Another feature of this paper that surprised me was the use of laser. I have long had an interest in laser, but always considered it to be quite different from needle acupuncture or EA in physiological terms. They used laser applied inside the tibialis anterior muscle at ST36 to achieve the same effect as the low intensity EA in terms of anti-inflammatory effects (reduced serum TNF and IL6) and improved survival in the mouse sepsis model.

Now, before the laser advocates among you try to treat sepsis with LLLT at ST36, this only worked in a specifically bred line of mice in which the nerves initiating the anti-inflammatory effects (Prokr2Adv) were labelled with special calcium translocating channels (CatCH) containing rhodopsin plus a yellow fluorescent protein (eYFP) to identify them. Also note that the lasers were buried deep into the muscle, which rather negates the obvious advantages of using LLLT in needle phobic patients.

tdTomato – a fluorescent protein

emitting photons with a wavelength of 581nm

Now that I have mentioned eYFP, I cannot finish this blog without mentioning tdTomato. It caused me a lot of trouble when I first came across it in the Neuron paper, principally because it does not have its own page on Wikipedia. You will find it on the page titled: Fluorophore, but it is still hard to find on that page since it is one of a great long list of other fluorescent proteins.

The process by which it is specifically expressed and therefore lights up the cell for histological identification is a bit complicated, but I will do my best to simplify the genetics at the webinar on Wednesday. Don’t miss it or you’ll have to spend ages trying to get your head around Cre–Lox recombination and flippases without my help ;-).

Importantly, the same process is used to activate a receptor for diphtheria toxin in a highly specific group of nerve cells (Prokr2Adv), to allow selective ablation and demonstrate that the effect of low intensity EA is abolished.


1          Liu S, Wang Z, Su Y, et al. A neuroanatomical basis for electroacupuncture to drive the vagal-adrenal axis. Nature Published Online First: 13 October 2021. doi:10.1038/s41586-021-04001-4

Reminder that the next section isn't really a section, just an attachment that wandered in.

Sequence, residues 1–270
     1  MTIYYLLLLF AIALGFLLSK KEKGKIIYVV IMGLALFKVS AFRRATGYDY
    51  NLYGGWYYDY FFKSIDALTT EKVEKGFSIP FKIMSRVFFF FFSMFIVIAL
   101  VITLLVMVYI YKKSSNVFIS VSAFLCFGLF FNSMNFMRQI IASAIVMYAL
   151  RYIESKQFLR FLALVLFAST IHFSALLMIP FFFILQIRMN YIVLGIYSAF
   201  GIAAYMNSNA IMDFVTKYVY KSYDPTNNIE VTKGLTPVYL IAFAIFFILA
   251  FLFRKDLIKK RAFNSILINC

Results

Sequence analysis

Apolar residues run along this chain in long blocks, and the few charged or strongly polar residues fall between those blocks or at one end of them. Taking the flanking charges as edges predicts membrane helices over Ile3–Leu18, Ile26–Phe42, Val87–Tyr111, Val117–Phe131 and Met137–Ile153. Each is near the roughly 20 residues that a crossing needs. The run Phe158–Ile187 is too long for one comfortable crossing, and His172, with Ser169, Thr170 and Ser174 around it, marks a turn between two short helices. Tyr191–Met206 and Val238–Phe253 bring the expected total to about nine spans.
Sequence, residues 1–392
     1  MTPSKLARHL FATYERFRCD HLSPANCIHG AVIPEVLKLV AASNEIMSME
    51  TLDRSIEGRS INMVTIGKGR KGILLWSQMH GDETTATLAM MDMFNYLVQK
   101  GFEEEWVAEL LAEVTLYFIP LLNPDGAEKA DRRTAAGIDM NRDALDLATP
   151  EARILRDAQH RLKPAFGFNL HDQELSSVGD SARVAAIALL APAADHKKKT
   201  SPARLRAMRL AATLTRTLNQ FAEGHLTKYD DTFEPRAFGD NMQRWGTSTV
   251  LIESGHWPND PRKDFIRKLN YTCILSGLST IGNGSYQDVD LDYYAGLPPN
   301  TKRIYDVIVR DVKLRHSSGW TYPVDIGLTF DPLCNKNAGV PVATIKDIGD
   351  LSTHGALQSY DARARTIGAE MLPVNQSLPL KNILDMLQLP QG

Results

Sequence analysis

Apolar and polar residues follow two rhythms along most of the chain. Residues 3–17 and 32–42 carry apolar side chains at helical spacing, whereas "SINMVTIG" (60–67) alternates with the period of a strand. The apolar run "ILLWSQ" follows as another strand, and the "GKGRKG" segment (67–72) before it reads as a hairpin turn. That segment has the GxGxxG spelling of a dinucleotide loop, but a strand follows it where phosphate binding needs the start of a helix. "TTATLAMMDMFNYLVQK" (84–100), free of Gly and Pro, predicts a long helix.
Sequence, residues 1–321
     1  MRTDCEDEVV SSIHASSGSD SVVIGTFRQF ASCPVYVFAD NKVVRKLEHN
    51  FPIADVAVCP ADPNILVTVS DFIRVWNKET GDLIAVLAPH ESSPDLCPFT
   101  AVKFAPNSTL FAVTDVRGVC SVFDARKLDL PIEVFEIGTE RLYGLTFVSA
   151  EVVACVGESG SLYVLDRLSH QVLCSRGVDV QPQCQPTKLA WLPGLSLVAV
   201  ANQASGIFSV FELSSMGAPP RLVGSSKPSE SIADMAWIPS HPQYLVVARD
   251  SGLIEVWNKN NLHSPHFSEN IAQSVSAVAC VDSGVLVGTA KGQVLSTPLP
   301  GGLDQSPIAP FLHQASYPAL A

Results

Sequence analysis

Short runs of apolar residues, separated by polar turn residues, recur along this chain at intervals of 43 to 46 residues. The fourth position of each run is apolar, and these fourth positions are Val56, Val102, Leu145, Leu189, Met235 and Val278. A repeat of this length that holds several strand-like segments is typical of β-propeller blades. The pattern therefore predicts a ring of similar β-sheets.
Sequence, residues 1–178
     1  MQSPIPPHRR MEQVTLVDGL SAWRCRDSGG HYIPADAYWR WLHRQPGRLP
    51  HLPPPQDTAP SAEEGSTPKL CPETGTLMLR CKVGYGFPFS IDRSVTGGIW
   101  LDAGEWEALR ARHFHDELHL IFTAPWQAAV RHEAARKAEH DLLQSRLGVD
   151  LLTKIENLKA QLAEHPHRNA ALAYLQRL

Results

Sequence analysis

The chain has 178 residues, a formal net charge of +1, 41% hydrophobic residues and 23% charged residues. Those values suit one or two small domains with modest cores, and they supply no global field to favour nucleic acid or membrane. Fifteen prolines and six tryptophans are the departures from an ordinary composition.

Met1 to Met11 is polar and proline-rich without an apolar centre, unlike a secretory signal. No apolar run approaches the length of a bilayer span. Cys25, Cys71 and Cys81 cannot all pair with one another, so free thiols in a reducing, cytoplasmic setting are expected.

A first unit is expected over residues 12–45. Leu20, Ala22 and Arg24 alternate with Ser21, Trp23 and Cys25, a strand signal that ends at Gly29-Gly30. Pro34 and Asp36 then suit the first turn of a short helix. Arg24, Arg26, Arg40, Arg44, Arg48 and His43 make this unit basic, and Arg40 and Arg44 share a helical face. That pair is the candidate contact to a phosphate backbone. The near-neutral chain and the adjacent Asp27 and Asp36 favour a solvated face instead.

2          Cheng SB, Ding LK. Practical application of acupuncture analgesia. Nature 1973;242:559–60. doi:10.1038/242559a0

3          Peets JM, Pomeranz B. CXBK mice deficient in opiate receptors show poor electroacupuncture analgesia. Nature 1978;273:675–6. doi:10.1038/273675a0

4          Chung SH, Dickenson A. Pain, enkephalin and acupuncture. Nature 1980;283:243–4. doi:10.1038/283243a0

5          Acupuncture boom punctured. Nature 1985;318:222.

6          Cressey D. Acupuncture for mice. Nature 2010;465:538. doi:10.1038/465538a

7          Marchant J. Acupuncture in cancer study reignites debate about controversial technique. Nature 2017;552:157–8. doi:10.1038/d41586-017-08309-y

8          Liu S, Wang Z-F, Su Y-S, et al. Somatotopic Organization and Intensity Dependence in Driving Distinct NPY-Expressing Sympathetic Pathways by Electroacupuncture. Neuron 2020;108:436-450.e7. doi:10.1016/j.neuron.2020.07.015

9          Torres-Rosas R, Yehia G, Peña G, et al. Dopamine mediates vagal modulation of the immune system by electroacupuncture. Nat Med 2014;20:291–5. doi:10.1038/nm.3479

10        Longhurst JC. Acupuncture in cardiovascular medicine. In: Filshie J, White A, Cummings M, eds. Medical Acupuncture – A Western Scientific Approach. 2nd edition. London: Elsevier, 2016. p. 394–421.

11        Tjen-A-Looi SC, Fu L-W, Guo Z-L, et al. Modulation of Neurally Mediated Vasodepression and Bradycardia by Electroacupuncture through Opioids in Nucleus Tractus Solitarius. Sci Rep 2018;8:1900. doi:10.1038/s41598-018-19672-9

Declaration of interests MC